Is your organization looking into the value deliver while using agile project management? If so, then we will be looking at four (4) key elements in driving your organization’s transition to Agile.
Here are the four key elements to get started:
- Establish an Agile Mindset
- Overcoming cultural constraints
- Kick start your Agile practices
- Sticking to the Agile Essentials
Establish an Agile Mindset:
Your current project team will be transitioning from a waterfall approach which takes into consideration driving projects using a linear approach. This entails gathering all the requirements, then breaking them down into small tasks, thereafter execution, and delivering it within a specific time frame. These notations hold strong to the triple constraints with a fixed scope, cost, and time. However, the paradigm shifts into agile looks at a fixed cost and time while having the scope flexible. The overall goal of transiting to agile is to improve delivery, increase quality, and create a faster time to market.
Cultural Constraints to Agile transitions:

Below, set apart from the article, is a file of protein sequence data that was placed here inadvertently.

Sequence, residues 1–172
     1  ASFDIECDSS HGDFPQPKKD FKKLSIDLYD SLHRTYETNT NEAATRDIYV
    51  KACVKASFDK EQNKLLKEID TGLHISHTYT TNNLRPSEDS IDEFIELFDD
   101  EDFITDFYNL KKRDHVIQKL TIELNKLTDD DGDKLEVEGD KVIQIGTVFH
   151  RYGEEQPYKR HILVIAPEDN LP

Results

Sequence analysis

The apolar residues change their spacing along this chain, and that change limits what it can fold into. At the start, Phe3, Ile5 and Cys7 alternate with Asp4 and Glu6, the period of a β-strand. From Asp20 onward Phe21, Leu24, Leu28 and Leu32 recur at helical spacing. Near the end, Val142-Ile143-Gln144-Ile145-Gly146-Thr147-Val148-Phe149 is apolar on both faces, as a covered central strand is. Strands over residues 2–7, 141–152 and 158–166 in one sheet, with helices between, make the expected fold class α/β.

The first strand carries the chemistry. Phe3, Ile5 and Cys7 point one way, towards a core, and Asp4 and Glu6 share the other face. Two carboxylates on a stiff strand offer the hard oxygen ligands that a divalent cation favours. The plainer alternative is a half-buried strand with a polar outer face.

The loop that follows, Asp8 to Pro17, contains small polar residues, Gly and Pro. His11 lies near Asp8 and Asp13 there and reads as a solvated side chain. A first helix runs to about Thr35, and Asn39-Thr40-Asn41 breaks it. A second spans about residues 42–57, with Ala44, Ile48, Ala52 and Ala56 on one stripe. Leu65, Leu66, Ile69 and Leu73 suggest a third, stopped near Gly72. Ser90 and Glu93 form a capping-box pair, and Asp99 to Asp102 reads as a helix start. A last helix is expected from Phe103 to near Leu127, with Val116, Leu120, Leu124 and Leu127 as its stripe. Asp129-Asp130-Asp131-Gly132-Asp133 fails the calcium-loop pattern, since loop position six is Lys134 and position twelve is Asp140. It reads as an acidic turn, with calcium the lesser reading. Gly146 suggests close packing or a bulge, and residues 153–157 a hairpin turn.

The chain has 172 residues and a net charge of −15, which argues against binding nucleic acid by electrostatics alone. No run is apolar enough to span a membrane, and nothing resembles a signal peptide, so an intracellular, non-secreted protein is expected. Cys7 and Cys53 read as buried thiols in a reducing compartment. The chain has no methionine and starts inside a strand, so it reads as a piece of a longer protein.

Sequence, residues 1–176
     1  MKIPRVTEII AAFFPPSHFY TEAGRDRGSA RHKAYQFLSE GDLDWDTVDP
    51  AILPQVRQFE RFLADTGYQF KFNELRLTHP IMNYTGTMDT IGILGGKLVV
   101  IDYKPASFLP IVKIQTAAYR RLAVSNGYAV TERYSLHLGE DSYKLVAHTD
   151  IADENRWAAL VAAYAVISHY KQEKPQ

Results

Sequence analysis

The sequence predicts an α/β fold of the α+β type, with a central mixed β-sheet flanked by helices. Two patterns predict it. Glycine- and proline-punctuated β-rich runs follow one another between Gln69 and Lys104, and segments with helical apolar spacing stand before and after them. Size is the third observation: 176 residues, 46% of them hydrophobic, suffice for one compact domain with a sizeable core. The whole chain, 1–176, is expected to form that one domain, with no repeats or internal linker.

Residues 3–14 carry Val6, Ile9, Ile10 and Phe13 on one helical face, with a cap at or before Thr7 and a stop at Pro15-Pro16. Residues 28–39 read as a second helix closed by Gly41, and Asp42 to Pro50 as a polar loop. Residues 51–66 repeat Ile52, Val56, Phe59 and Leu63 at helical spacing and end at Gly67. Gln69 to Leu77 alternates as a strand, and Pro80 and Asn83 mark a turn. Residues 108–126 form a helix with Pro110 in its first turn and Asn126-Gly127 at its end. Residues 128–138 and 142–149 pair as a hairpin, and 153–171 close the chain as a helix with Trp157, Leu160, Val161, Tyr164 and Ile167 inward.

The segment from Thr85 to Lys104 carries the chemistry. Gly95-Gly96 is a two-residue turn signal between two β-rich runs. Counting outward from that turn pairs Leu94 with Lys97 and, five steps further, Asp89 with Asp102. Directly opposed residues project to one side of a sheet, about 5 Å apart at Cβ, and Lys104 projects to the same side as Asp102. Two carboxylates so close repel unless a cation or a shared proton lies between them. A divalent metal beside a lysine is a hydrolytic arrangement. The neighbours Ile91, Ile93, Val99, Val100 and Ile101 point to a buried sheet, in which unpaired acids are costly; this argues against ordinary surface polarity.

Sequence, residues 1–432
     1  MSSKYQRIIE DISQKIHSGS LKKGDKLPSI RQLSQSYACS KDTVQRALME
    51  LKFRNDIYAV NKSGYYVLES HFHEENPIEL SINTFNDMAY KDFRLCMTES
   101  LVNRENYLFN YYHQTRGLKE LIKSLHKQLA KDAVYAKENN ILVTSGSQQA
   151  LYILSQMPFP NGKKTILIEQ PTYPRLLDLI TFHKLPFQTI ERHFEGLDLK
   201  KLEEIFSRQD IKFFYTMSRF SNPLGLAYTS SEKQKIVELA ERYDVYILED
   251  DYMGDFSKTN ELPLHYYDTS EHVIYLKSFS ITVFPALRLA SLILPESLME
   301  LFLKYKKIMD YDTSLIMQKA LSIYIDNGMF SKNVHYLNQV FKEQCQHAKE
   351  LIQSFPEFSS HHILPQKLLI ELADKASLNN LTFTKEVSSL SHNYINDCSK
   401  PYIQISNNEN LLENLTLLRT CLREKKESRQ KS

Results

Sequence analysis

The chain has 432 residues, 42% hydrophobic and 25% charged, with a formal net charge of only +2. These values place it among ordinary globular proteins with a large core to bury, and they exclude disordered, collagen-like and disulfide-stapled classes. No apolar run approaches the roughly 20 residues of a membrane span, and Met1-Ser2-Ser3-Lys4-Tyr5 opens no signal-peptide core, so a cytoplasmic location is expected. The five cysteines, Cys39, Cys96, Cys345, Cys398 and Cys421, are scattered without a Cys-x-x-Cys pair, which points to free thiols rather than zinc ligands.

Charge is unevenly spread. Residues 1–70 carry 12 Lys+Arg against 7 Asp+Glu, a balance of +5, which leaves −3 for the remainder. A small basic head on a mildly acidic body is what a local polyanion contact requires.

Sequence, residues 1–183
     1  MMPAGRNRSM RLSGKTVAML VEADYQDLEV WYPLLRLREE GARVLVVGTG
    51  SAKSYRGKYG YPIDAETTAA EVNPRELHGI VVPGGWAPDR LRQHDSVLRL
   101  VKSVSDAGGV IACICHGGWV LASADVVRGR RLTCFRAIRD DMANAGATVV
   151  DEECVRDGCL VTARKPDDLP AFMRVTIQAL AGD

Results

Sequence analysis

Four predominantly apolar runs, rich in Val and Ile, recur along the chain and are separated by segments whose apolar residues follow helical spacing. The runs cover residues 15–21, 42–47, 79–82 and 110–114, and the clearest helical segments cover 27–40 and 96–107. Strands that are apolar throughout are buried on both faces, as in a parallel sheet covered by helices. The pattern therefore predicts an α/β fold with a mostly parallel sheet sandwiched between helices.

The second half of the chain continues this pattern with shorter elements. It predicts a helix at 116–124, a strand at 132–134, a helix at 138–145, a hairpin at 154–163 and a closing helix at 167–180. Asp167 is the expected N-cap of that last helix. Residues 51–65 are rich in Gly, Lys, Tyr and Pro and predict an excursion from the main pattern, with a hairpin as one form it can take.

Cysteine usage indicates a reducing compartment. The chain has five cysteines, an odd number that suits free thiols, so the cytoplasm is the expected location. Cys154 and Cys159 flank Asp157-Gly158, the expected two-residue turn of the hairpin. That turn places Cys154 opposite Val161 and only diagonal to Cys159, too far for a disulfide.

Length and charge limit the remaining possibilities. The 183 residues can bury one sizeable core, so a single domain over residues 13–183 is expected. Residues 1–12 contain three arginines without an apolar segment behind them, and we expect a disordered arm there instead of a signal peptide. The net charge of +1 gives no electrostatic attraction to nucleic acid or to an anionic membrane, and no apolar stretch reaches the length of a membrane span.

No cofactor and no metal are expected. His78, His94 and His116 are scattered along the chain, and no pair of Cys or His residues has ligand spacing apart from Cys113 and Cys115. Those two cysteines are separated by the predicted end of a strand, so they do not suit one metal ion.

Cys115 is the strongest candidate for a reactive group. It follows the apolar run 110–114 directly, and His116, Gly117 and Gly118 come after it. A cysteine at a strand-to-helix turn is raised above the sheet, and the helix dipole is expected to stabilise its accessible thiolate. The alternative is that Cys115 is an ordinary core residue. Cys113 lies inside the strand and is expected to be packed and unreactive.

- Management style — Agile rely on Collaboration vs directive and demanding hierarchy
- Acceptance of Change — Agile allow for willingness to accept change rather than have a change control process
- Process focus — Agile need lightweight process
- Trust — essential element for an agile transition
Starting an Agile Practice:
The best way to get started in Agile is actually working on a pilot project after establishing an Agile team to learn more about making your team more agile from my earlier blog — Building an Agile team.
Identify the right pilot project looks at the following criteria:
- Size (project should run between 6–12 weeks)
- Not a high risk
- Depth and breadth should engage all the team roles
- Customer engagement (allow for sponsor buy-in on the approach)
Sticking to the Agile Essentials:
The framework most persons practicing Agile use is Scrum. Scrum consists of 5 events and 3 artifacts that are essential in getting your team to become agile.
- Sprint — Team design, builds, develops, and tests within a time-box.
- Sprint Planning — Product Owner presents the most valuable work to be done.
- Daily Scrum — Team provides updates and daily plans and raises issues [15 minutes]
- Sprint Review — Team & PO share what’s been built to the shareholders
- Sprint Retrospective — The team internally examines its practices and identifies improvements.
- Product Backlog — List of everything that could be done for the project [collection of User Story]
- Sprint Backlog — Items the team committed to for the current sprint.
- Product Increment — Completed work from current and previous sprints
Check out my Article How to achieve Agile using Scrum Framework to help you stick to the agile essentials.